|Belinda:||So I use a lot of connection in with myself and the sensations within my body and trying to stay within my body. Because, as women, we tend to be very– we’re known as Shakti, the female energy. So the Shakti, which is an amazing force, is what creates life. As you’re pregnant, you’re creating life in your body and life will come through your body. So it’s the most beautiful, creative process in the world. So that energy is a beautiful thing but it’s very chaotic as well if it’s not contained by masculine energy. So I know, for myself, and for most women I’m sure you can identify with this. That our energy tends to be going outside of ourselves constantly, all day long. So especially as nurturers and natural givers of nurturing to others. We often have that energy get dispersed outside of ourselves and we don’t take any time to draw the energy back in and centre ourselves. So we often feel we’ll get to the stage where we’re burnt out or we’ve overdone it or we don’t know how to stop|
|Belinda:||or we get PMS, or frantic, or start having reactionary ways of being. So there are all the things that living as a Yogini or yogic lifestyle. In many ways, those things are harmful to us, right? So that’s not practising non-harm by over-running our systems. So we’re trying to stay connected enough most of the days so that we don’t go too much into that extreme over-drive. It doesn’t mean that we don’t still-achieve and create and have a lot of purpose in what I do and do a lot of things. But trying to do them with more consciousness. And of course, foods a major thing. Getting enough rest is also another major thing. But probably the main thing with the daily practices and staying connected to the cycles of nature. Both within myself and nature that surrounds me.|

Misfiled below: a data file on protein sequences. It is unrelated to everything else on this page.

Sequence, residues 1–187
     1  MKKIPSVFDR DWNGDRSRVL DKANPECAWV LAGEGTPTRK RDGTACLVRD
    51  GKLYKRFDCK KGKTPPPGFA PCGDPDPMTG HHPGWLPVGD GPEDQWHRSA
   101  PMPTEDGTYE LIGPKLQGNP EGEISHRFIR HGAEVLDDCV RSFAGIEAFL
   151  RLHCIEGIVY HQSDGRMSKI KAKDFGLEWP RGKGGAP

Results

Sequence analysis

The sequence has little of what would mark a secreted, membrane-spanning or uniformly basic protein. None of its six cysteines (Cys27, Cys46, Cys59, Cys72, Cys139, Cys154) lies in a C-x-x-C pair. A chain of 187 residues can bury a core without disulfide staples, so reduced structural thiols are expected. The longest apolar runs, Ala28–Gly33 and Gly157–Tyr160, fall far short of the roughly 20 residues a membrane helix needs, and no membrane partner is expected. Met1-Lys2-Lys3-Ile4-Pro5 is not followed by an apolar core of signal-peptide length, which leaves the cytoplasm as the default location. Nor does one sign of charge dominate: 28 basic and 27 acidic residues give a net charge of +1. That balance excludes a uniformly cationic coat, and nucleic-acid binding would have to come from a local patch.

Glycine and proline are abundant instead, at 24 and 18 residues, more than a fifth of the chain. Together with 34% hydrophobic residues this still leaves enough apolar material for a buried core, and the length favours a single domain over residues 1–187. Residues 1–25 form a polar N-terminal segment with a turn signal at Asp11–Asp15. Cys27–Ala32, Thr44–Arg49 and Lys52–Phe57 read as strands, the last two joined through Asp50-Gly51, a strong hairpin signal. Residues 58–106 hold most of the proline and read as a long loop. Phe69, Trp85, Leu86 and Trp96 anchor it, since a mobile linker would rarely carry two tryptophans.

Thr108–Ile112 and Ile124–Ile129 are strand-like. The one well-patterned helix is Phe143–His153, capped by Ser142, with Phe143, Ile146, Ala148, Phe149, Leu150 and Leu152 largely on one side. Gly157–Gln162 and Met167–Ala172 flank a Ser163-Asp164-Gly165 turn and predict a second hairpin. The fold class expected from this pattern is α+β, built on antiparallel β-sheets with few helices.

|Sze Wing:||Lovely. It sounds so good just to listen to your lifestyle. I don’t know. It brings me calm and peace and centredness. And I get it– one thing I like to point out is about the misconception about “spiritual” people or practices. ‘That’s for the spiritual people. Or people who have spiritual practices. I don’t have all day hanging around and got nothing better to do.'” And so they can be meditating yogi, practising this and that, or writing journal and all that. Actually, what I think people often have this connotation is that, when we have that practices or centredness, they tend to think spiritual people either have lots of time or they kind of don’t have enough productive hour to do work. Actually, the contrary. I think I’m way more efficient, productive, by being able to centre myself. So I have my own practices as well. Maybe, everybody has different style and time and when do you do it and how do you do it. But I actually think the more centred and spiritual I have become through the years, the more productive, effective, and not doing things that don’t serve me, doing useless stuff. And I don’t waste as much time. So I always say, the person tend to think they’re spiritual and grounded and they seem to spend too many hours meditating. Actually, they can still write 10 books a year, for some reason. It’s not false. It’s true. And you’re just more productive, and you just don’t do things that you’re going to delete or useless later. I don’t know. Do you have that feeling that some people have? This misconception? But it’s actually not true. Spiritual people can be very productive.|